President Donald Trump condemned the "evil" racism of groups like white supremacists and the Ku Klux Klan in remarks at the White House on Monday, after taking sustained criticism for not specifically naming such organizations in his initial comments on the violence in Charlottesville, Virginia.
"We must rediscover the bonds of love and loyalty, that bring us together as Americans," Trump said at the White House. "Racism is evil, and those who cause violence in its name are criminals and thugs, including the KKK, neo-Nazis, white supremacists and other hate groups that are repugnant to everything we hold dear as Americans."
"We are a nation founded on the truth that all of us are created equal. We are equal in the eyes of our creator. We are equal under the law, and we are equal under our Constitution. Those who spread violence in the name of bigotry strike at the very core of America."
Violent confrontations between white supremacists and counter-protesters in Charlottesville ultimately led to tragedy, as a man with alt-right ties was arrested for ramming his car into a crowd of counter-protesters in Charlottesville on Saturday, killing one woman, Heather Heyer, and injuring dozens.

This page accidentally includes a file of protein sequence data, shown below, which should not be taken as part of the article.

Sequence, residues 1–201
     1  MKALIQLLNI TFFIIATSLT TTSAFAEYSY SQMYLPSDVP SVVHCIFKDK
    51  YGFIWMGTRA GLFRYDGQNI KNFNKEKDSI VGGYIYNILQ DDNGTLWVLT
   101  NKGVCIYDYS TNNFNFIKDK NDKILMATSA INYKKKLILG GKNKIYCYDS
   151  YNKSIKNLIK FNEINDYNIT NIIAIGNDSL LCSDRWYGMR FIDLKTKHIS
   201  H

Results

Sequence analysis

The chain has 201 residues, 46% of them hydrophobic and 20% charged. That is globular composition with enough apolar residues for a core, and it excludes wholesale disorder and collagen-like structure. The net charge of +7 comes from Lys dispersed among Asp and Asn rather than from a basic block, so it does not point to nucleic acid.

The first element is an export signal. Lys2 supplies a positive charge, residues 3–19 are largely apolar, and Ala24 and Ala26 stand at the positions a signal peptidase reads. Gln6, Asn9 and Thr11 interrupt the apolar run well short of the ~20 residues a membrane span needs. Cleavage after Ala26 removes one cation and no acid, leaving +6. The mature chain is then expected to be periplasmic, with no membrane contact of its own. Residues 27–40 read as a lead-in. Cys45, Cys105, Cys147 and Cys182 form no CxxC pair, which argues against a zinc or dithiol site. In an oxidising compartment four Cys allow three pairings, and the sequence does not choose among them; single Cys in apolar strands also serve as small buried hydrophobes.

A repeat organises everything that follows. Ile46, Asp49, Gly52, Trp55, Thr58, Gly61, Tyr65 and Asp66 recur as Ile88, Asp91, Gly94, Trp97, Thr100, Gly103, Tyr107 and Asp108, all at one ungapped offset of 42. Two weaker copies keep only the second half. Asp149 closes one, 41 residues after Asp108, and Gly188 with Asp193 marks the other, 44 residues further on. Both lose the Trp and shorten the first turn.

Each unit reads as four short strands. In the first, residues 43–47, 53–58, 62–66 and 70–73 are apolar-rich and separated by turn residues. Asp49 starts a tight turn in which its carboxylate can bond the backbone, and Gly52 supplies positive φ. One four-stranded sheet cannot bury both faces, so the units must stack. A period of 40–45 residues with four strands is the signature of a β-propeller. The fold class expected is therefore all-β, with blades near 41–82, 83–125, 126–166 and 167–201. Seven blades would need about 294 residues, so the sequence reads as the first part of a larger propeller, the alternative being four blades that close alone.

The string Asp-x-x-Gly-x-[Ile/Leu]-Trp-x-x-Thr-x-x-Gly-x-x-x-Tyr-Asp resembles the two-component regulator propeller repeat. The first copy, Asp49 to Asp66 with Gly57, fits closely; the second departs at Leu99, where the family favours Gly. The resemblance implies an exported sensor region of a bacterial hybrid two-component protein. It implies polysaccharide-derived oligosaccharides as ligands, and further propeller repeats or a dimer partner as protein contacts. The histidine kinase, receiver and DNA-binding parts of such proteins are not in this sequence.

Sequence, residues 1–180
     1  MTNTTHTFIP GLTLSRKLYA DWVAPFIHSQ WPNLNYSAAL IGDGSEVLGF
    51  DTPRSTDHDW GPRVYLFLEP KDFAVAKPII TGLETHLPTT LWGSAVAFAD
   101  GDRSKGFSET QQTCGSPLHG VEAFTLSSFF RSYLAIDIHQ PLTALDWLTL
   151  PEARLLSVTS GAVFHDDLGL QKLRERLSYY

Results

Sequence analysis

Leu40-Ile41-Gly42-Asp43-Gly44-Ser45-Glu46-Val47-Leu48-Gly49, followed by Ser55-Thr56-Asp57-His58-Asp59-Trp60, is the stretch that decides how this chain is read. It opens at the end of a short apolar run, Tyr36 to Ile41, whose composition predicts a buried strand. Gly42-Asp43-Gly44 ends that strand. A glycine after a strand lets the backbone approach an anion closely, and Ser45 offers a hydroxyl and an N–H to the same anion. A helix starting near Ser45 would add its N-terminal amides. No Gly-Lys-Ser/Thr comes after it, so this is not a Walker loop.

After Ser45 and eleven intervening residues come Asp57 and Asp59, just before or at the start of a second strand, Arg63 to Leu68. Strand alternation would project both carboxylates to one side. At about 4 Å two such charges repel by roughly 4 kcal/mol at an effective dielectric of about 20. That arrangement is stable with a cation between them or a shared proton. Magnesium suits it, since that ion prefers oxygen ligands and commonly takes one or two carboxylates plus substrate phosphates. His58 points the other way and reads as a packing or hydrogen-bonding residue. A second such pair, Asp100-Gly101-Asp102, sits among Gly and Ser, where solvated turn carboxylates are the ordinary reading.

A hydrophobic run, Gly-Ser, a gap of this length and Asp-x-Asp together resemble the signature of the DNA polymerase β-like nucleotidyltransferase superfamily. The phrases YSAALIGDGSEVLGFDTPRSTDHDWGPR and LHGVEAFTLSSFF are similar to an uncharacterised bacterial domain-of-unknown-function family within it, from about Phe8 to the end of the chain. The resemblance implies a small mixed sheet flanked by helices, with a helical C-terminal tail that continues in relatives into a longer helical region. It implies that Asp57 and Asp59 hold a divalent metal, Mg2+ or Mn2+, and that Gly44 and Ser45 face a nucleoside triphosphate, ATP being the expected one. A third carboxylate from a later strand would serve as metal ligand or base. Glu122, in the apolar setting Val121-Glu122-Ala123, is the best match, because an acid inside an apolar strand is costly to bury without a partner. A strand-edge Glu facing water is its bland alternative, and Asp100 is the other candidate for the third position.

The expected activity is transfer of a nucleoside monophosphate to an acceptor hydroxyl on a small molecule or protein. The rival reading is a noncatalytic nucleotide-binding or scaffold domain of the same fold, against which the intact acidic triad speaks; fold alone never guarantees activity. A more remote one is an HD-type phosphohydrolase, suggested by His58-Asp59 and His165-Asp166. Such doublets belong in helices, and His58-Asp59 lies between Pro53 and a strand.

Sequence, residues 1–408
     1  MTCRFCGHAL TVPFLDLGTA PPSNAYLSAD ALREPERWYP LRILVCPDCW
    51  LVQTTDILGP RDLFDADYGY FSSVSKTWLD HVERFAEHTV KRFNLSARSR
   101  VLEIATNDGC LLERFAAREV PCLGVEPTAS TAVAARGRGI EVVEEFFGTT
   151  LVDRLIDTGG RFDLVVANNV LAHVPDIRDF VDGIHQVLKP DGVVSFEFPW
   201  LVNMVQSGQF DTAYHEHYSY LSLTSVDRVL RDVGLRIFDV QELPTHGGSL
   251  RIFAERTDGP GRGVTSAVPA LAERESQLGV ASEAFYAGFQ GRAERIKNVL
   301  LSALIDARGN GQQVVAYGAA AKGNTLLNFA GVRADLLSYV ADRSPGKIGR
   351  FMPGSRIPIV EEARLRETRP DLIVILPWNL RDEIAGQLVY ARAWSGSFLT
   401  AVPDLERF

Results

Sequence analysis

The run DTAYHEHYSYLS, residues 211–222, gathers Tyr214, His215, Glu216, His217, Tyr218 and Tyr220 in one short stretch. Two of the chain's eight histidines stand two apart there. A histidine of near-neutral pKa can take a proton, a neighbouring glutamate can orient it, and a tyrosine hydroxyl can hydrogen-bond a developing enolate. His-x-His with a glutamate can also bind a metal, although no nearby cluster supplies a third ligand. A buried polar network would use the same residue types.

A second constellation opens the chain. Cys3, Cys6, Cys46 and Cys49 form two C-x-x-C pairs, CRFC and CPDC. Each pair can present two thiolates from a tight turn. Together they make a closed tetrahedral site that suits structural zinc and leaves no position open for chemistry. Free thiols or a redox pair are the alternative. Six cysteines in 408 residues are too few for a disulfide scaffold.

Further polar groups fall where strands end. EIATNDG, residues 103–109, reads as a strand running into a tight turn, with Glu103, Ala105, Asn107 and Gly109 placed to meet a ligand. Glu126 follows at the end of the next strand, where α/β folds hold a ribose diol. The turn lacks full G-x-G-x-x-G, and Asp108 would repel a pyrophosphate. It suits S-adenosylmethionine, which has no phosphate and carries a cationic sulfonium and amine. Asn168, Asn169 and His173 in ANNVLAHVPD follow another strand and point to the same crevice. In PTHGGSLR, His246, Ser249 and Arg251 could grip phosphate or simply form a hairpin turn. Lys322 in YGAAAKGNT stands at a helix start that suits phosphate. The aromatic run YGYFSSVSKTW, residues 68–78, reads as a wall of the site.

Trump memorialized Heyer and the two Virginia state troopers who died in a helicopter accident while doing surveillance work during the white nationalist rally in Charlottesville.
Trump drew anger from both sides of the aisle when he said Saturday that he condemned hatred and bigotry "on many sides" and did not specifically name white supremacists, the Ku Klux Klan or neo-Nazis.
Top Republicans like Sens. Orrin Hatch (R., Utah) and Cory Gardner (R., Col.) encouraged him to specifically call out white supremacists, and other GOP officials forcefully condemned white supremacy as well.
Vice President Mike Pence said Sunday that "we will not tolerate hatred and violence" and said "fringe groups" had no place in the American debate. Pence defended Trump's original statements, however, saying he spoke "plainly" in his condemnation of all organizations that use violence to achieve their ends.
Trump also announced Monday that he had met with FBI Director Christopher Wray and Attorney General Jeff Sessions, saying the Department of Justice had opened a civil rights investigation into the car attack.
"To anyone who acted criminally in this weekend's racist violence, you will be held fully accountable. Justice will be delivered," Trump said.